There were exchanges between the Sami and the Japanese Ainu as another indigenous people of northern regions. On the occasion of hosting the European Capital of Culture the Sami appealed to people involved with the Ainu to work together on joint projects in music, language, design and other fields. Exhibitions of Sami culture would appear in Riga as well, and exchanges with the Ainu began with the assistance of people concerned in Umeå, partner city of the European Capital of Culture. In April 2014 Michael Lindblad, a leader in the Sami culture movement, visited Japan from Umeå together with Simona Orinska, a butoh artist who had been active the previous year incorporating Ainu music and dance in Riga, and the two began to explore what cultural exchange might take place in future. Given the differences in national conditions and environments, these efforts face a difficult future, but it was of deep significance for the European Capital of Culture to turn attention to cultural diversity and indicate the possibilities for global solidarity.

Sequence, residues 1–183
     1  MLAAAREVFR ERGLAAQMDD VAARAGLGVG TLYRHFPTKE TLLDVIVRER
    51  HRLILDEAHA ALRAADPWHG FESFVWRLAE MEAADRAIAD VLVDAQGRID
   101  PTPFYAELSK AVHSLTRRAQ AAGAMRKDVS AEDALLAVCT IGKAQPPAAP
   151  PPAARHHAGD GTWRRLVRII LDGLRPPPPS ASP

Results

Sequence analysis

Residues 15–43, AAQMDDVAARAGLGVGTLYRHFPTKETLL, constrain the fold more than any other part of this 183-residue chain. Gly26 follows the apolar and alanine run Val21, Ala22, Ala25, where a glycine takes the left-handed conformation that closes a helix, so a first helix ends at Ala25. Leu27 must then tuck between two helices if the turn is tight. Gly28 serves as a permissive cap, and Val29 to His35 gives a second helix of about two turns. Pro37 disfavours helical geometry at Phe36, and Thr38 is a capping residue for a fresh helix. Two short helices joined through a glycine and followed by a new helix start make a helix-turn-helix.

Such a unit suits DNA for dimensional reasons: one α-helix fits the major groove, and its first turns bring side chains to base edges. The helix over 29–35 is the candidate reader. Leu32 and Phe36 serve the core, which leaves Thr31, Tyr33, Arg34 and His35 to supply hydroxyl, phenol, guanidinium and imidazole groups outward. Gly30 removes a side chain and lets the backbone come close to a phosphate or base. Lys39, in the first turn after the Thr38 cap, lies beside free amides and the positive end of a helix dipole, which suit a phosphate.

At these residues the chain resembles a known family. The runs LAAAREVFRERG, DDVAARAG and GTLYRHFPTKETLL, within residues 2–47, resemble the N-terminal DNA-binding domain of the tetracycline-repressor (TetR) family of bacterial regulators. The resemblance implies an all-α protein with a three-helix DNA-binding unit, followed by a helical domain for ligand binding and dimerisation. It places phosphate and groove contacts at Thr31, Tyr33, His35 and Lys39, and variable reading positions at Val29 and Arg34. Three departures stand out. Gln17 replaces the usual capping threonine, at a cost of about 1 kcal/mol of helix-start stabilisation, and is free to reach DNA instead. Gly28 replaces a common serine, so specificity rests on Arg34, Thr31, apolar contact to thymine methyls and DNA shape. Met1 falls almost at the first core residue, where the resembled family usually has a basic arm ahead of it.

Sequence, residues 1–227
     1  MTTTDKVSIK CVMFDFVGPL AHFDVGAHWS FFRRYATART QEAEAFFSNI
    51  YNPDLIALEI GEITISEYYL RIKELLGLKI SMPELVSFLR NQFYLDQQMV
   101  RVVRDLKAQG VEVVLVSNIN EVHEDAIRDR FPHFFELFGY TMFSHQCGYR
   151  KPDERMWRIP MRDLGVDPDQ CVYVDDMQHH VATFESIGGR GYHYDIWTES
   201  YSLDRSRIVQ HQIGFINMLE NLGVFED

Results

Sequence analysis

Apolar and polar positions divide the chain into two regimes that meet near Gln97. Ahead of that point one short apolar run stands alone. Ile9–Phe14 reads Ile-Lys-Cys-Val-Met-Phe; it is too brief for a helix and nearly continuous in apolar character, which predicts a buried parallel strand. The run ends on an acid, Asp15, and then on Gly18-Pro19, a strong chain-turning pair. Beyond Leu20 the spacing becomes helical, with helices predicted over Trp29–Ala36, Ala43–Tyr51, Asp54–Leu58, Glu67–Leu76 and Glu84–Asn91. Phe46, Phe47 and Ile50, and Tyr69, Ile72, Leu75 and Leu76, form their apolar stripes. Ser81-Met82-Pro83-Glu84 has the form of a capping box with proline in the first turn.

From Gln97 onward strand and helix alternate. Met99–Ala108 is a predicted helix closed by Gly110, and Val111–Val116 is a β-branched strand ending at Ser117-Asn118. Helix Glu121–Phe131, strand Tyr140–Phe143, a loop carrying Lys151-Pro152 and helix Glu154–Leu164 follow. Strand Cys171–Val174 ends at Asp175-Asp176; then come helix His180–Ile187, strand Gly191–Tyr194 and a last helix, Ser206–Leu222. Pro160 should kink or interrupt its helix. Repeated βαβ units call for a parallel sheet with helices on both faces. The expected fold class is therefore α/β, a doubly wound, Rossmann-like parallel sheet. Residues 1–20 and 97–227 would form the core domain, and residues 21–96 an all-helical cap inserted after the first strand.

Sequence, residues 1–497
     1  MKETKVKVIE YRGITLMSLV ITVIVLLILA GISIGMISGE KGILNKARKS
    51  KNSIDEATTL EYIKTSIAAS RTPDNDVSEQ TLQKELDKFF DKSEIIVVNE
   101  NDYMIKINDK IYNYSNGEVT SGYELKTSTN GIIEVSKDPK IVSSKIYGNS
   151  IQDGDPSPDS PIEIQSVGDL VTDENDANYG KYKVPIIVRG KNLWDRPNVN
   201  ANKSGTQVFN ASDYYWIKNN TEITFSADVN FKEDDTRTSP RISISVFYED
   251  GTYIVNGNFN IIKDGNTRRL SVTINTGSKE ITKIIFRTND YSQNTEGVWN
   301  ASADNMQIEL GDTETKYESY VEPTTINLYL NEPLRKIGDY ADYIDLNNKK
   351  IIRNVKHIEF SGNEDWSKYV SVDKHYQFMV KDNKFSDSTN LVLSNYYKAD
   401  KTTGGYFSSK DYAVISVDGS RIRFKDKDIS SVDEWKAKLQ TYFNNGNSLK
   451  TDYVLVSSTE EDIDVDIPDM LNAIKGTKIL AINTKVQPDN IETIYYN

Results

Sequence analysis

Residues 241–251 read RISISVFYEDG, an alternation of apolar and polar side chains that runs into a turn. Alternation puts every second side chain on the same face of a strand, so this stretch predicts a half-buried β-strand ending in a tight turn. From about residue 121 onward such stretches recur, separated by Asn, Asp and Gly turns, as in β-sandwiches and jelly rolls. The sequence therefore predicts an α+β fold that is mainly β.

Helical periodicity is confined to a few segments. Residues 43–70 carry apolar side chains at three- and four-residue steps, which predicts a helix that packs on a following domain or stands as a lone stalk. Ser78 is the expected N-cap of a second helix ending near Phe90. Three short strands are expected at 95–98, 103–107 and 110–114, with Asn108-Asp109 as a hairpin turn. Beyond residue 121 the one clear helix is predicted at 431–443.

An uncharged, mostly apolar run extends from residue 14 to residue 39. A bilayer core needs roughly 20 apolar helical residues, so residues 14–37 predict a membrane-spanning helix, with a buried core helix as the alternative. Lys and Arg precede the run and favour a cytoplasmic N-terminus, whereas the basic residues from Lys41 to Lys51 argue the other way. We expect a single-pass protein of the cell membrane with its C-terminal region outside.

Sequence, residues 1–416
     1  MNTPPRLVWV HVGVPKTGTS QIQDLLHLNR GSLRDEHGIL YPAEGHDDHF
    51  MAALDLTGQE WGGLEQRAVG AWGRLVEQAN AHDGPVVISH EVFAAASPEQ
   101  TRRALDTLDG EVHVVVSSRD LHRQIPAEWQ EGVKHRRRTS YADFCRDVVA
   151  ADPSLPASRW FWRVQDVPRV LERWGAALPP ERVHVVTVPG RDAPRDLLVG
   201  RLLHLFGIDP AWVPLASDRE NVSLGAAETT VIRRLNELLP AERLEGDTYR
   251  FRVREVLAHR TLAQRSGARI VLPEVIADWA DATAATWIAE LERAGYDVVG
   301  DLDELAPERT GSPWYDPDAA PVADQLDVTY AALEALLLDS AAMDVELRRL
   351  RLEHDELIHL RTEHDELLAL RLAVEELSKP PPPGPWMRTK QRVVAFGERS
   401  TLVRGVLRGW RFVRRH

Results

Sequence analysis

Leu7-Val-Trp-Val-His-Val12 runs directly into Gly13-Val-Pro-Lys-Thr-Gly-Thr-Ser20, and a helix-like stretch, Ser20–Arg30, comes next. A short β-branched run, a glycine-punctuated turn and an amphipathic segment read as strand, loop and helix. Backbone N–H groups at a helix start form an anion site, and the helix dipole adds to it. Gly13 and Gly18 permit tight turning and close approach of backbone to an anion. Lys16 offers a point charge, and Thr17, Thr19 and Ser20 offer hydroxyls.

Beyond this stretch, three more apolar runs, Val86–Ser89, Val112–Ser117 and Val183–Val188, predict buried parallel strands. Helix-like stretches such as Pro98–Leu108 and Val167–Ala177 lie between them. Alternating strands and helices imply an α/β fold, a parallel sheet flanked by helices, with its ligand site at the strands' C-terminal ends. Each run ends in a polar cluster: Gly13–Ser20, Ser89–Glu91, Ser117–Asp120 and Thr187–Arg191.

Umeå would be Sweden’s second European Capital of Culture after Stockholm in 1998. That previous hosting featured the first kabuki performance in Sweden. That kabuki was presented not only in the dimension of an introduction to traditional Japanese culture, but as one of the world’s great performing arts provided great momentum in kabuki’s later development in countries around the world. Architect Kazuyo Sejima, contemporary dancer Saburo Teshigawara, Dumb Type, and wadaiko drumming unit Yamato were among many other artists who used their experience in Stockholm to develop their careers on a global level. European Capitals of Culture have made major contirubtions to various forms of culture and art crossing borders to find new lands.